Two French scientists who discovered the AIDS virus and a German who found the virus that causes cervical cancer were awarded the 2008 Nobel prize for medicine or physiology on Monday.
Luc Montagnier, director of the World Foundation for AIDS Research and Prevention, and Francoise Barre-Sinoussi of the Institut Pasteur won half the prize of $1.4 million for discovering the deadly virus that has killed millions of people since it gained notoriety in the 1980s.
Harald zur Hausen of the University of Duesseldorf and a former director of the German Cancer Research Centre, shared the other half of the prize for work that went against the current dogma as to the cause of cervical cancer. The two French scientists identified virus production in lymphocytes from patients in the early stages of acquired immunodeficiency and in blood from patients with late stages of the disease. The virus became known as human immunodeficiency virus, or HIV.
He was born in March 1936 in Germany and gained an MD at University of Duesseldorf.
After three years as a senior scientist at the Institute of Virology of the University of Wuerzburg, he was appointed in 1972 as Chairman and Professor of Virology at the University of Erlangen-Nuremberg. From 1983 until 2003 he was Scientific Director of the German Cancer Centre in Heidelberg.
Zur Hausen went against current dogma and postulated that human papilloma virus caused cervical cancer.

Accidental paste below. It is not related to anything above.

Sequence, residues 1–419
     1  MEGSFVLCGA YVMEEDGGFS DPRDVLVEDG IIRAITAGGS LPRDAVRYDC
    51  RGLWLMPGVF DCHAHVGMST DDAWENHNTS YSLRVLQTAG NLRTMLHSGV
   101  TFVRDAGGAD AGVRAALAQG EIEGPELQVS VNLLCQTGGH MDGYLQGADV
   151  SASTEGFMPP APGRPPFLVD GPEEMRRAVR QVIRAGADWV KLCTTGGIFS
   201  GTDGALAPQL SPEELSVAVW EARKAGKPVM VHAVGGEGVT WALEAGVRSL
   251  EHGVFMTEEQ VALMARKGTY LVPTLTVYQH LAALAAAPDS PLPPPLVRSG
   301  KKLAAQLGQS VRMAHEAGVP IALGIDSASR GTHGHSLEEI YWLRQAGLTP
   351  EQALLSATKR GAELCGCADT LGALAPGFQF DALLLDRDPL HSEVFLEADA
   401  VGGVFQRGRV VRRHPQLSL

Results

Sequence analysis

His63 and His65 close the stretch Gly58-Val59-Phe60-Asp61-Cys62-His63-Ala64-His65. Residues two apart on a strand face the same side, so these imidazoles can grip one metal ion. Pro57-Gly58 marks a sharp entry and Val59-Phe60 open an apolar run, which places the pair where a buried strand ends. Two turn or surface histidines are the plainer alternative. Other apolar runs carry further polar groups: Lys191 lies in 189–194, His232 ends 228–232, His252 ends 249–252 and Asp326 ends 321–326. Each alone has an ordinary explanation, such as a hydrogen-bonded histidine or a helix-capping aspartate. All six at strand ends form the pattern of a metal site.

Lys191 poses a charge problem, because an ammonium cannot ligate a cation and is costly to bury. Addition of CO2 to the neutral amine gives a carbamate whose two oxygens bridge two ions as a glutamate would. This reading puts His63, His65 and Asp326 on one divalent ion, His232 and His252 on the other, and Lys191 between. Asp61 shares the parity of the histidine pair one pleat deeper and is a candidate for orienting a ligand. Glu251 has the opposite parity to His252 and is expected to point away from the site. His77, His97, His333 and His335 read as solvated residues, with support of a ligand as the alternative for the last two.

His finding led to two vaccines that protect against certain strains of the virus.
“The discovery was one prerequisite for the current understanding of the biology of the disease and its antiretroviral treatment,” the Nobel Assembly of Sweden’s Karolinska Institute said in a statement.
The other half of the Nobel prize was awarded for the German scientist’s research that “went against current dogma” and set forth that oncogenic human papilloma virus (HPV) caused cervical cancer, the second most common cancer among women.
“His discovery has led to characterisation of the natural history of HPV infection, an understanding of mechanisms of HPV-induced carcinogenesis and the development of prophylactic vaccines against HPV acquisition,” the Assembly said.
He was born 1932 in France, and gained a PhD in virology at the University of Paris.
In the years before the onset of the AIDS epidemic, Montagnier made many discoveries concerning the nature of viruses. He made major contributions to the understanding of how viruses can alter the genetic information of host organisms, and significantly advanced cancer research.
His investigation of interferon, one of the body’s defenses against viruses, also opened avenues for medical cures for viral diseases. His ongoing research focuses on the search for an AIDS vaccine or cure.
Medicine is traditionally the first of the Nobel prizes awarded each year. The Nobel laureate for physics will be announced on Tuesday, followed by the chemistry.
She was born in 1947 in France and gained a PhD in virology at the Institut Pasteur in Garches, France.
She is recognised as the first author of the publication that reported in 1983 the discovery of a retrovirus, later named HIV, in a patient at risk for AIDS.
Barre-Sinoussi and Montagnier discovered human immunodeficiency virus (HIV). Virus production was identified in lymphocytes from patients with enlarged lymph nodes in early stages of acquired immunodeficiency, and in blood from patients with late stage disease.